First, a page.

you have crowned them with glory and honor,
8 subjecting all things under their feet.”

In this case there is a footnote (one of several), which reads: ”

Gk or the son of man that you care for him? In the Hebrew of Psalm 8:4-6 both man and son of man refer to all humankind

In fact, the plural continues into the remainder of verse 8, which is not quoted: “Now in subjecting all things to them, God left nothing outside their control.” It is not the authors argument here that everything is placed under the command of humanity in general, but rather of one human being, Jesus. I fully agree with the translators (and their footnote), that Psalm 8 is referring, in its original context, to humankind in general, and our relationship, as a whole, to God—our place in creation.

By translating the quotation “accurately,” as it occurs in a different text and location, the translators have disrupted the discourse of this passage. So while I will not call this an error (it’s certainly intentional, and I can formulate the arguments for doing it, even though I find them dismally unconvincing), I do think it’s a very unfortunate approach. One could let readers know that the quoted text, in its historical context, refers to humanity as a whole, but that it is being used here specifically of one particular human male, Jesus.

In fact, one could argue that acknowledging “humankind” in Psalm 8 need not be inconsistent with the usage here, as we will shortly see the author of Hebrews continue with the argument that Jesus must very much be one of us (humankind) in order to be able to redeem us. One could discuss the idea of being “in Christ,” though that is not the language of Hebrews. In Hebrews the language is one of kinship and community.

I do think that this makes it harder, though not impossible to follow the flow of the authors argument in this passage.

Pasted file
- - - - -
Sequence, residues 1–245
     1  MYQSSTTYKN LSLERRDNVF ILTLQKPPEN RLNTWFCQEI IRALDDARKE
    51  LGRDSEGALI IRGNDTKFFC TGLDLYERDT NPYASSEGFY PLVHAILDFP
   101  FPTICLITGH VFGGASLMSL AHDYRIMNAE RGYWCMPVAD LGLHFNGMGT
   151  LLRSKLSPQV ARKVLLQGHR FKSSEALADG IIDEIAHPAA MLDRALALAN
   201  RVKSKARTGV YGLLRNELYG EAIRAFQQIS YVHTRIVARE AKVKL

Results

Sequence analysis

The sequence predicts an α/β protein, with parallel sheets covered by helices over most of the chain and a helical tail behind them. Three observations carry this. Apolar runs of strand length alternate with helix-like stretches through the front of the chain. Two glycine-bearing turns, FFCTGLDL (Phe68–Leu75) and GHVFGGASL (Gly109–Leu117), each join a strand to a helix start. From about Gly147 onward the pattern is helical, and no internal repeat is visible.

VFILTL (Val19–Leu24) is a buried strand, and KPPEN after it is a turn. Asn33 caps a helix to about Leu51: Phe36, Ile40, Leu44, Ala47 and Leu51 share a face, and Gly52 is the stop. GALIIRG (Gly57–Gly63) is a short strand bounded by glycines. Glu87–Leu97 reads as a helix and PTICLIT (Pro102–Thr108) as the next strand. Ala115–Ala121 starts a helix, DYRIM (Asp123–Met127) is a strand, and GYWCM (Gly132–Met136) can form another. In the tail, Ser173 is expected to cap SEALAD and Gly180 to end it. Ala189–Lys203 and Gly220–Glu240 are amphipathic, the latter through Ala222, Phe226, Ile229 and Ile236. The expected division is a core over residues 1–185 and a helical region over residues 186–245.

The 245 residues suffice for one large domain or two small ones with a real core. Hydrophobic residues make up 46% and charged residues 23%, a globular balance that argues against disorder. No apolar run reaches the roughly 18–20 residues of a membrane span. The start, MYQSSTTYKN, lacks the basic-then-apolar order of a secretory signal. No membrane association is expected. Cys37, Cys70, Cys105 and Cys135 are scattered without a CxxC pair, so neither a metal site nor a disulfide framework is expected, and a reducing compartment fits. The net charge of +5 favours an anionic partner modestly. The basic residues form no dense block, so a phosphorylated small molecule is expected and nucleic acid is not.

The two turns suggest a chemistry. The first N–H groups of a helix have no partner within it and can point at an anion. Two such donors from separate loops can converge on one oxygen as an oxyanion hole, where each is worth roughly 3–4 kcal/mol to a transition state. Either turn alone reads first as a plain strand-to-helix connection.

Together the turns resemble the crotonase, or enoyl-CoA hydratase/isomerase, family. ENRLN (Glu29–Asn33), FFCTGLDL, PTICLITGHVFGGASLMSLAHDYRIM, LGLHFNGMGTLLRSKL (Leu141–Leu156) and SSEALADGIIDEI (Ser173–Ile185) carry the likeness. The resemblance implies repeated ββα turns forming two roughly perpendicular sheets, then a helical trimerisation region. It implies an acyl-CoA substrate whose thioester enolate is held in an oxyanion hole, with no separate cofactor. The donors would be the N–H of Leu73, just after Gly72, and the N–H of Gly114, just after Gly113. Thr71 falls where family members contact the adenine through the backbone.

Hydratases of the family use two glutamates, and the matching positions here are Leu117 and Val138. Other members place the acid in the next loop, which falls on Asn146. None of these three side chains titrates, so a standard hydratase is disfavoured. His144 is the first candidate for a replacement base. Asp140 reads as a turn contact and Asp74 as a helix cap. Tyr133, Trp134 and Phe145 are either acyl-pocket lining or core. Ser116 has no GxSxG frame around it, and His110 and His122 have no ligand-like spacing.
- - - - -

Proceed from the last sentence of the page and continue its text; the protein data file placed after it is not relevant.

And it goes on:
On Prettying-Up the Bible (In Reply to @drbobcwcc and @RevKindle)

On Prettying-Up the Bible (In Reply to @drbobcwcc and @RevKindle)

Does the Bible need some improvements, if not in content, at least in presentation? That’s one way to put the question addressed by Rev. Steve Kindle in a guest post on Dr. Bob Cornwall’s blog. I want to make some fairly picky comments on this post. As I do so, I want you to be aware that I generally applaud the goals of this post, even while disagreeing in detail.

My previous experience with prettying-up the Bible involves the violent passages. I previously reviewed Jack Blanco’s book (I have trouble calling it a translation), the Clear Word Bible. Some of his renderings are much more comfortable reading than the original, but I haven’t been able to conceive of a paradigm that would allow me to think of them as accurate. I often think, however, that some of the violent passages of scripture are saved from revision largely because so few people read them. Numbers 31 has the advantage of being in a portion of scripture rarely consulted by Christians. When they do consult it, they are often shocked and wish it would go away.

Besides honesty (or accuracy), there is a problem with smoothing out the past. It conceals the nature of scripture, of the experience with God that comes from different people at different times. Seeing trajectories of change in scripture will change our approach to how we get from the words in the book to ethical action in our world.

Rev. Kindle is primarily addressing gender language. This is a fairly controversial topic in modern Bible translation. Translations have been excluded from certain Christian book stores because of the way the represent gender. As is often the case, however, the issue was much more how one was perceived to represent gender. The same store carried other Bible translations that used gender neutral renderings. These other versions were simply less well-known. The Council on Biblical Manhood and Womanhood is very involved in these issues from a conservative point of view, and are opposed by the Christians for Biblical Equality. In perusing these sites, one can see that there is a great deal of weight put on these issues in church doctrine and politics.